What’s needed from the church in ministry to millennials is a presentation of Christian truth that is invasive. The gospel invades not only our intellectual presuppositions but also our baseline sense of identity and autonomy. The movie of our life in which we are stars is not, in fact, our movie, but the creative work of a Writer and Director whose authoritative control is both good and good for us. If we try as Christians to reach unbelieving millennials by appealing to their felt needs (“You should really feel the peace that Jesus gives,” “I’m so happy because of Christ”), we may unwittingly affirm their most un-Christian convictions.

There’s nothing but freedom in realizing that not even my story is ultimately about me. There’s nothing but peace and real lasting joy in losing ourselves for the sake of another, and for the sake of each other. To be invaded is a wonderful thing. There is a story better than my story, and it goes on and on, forever.

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Image Credit: “Teens sharing a song” by SCA Svenska Cellulosa Aktiebolaget. Licensed under CC BY 2.0 via Commons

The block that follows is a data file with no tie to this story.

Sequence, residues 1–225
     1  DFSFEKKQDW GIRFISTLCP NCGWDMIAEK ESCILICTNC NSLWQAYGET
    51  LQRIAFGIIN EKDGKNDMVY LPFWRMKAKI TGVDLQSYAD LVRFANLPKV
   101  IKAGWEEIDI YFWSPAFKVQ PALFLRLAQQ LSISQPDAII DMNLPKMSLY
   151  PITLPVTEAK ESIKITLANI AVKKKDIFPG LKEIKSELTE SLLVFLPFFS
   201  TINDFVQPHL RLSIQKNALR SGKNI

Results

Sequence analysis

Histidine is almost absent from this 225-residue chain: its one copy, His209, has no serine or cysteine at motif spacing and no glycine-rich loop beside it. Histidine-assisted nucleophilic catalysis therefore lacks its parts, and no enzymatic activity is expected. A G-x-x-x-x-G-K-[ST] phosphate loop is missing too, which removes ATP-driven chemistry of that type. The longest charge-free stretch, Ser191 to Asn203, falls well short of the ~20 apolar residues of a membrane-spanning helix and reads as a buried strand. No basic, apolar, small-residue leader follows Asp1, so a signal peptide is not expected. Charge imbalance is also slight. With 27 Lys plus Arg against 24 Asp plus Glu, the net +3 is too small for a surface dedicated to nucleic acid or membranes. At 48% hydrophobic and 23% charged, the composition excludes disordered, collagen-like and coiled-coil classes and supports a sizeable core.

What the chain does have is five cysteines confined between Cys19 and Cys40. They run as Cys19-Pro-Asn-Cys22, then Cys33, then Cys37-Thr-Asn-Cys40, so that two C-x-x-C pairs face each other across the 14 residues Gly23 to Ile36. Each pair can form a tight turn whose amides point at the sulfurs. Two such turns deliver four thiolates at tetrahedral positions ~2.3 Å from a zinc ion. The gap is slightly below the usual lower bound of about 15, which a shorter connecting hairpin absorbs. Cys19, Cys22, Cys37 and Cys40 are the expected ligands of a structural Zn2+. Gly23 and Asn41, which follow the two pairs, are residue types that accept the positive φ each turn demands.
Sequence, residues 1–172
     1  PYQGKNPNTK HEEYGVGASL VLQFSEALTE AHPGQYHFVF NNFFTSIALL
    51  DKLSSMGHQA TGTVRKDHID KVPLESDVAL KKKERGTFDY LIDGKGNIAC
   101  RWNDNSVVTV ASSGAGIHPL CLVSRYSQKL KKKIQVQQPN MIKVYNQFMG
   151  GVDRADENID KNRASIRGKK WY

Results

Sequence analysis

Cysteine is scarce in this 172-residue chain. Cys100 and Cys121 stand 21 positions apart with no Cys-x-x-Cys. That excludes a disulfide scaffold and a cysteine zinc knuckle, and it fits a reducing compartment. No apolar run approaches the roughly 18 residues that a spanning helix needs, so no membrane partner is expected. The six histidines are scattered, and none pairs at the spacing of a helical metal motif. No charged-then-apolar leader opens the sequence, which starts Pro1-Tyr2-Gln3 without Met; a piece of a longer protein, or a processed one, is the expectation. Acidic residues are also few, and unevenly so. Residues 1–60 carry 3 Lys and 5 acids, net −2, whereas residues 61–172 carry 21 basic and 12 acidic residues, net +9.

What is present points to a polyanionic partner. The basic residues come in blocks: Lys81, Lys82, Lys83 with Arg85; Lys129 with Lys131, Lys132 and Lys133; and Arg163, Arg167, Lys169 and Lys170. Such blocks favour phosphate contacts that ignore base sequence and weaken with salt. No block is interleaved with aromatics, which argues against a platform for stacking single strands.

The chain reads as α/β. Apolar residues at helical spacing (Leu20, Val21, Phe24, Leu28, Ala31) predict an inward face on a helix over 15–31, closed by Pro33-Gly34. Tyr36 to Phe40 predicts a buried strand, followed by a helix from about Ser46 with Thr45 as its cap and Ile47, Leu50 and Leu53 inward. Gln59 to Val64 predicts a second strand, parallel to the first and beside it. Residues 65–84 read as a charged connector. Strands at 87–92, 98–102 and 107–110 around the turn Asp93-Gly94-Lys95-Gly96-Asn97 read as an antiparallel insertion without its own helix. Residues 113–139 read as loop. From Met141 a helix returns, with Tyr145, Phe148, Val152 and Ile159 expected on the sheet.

How a Christian college unravels

Photo: Richard Arthur Norton, CC License http://creativecommons.org/licenses/by/2.5/deed.en
Photo: Richard Arthur Norton, CC License http://creativecommons.org/licenses/by/2.5/deed.en

I want to double back to the comments from the US Solicitor General that I highlighted a couple days ago. I think it was a rare but not shocking moment of clarity from the legal forces behind same-sex marriage legalization about what the endgames of a Court ruling in their favor would really be.  Continue reading “How a Christian college unravels”

Why seminary needs fiction

812tYQPrHnLI enthusiastically commend to you Rod Dreher’s new book How Dante Can Save Your Life. It’s a fascinating, joyful, sobering and at times deeply moving testimony of power, not only to the The Divine Comedy in particular but to literature in general. Rod calls himself a “witness” and not a scholar. That’s the idea, but I would nonetheless urge literary scholars to read his book and savor the way a medieval text can speak so pertinently into a 21st century soul.  Continue reading “Why seminary needs fiction”

How “Red Letter Christianity” misunderstands the Trinity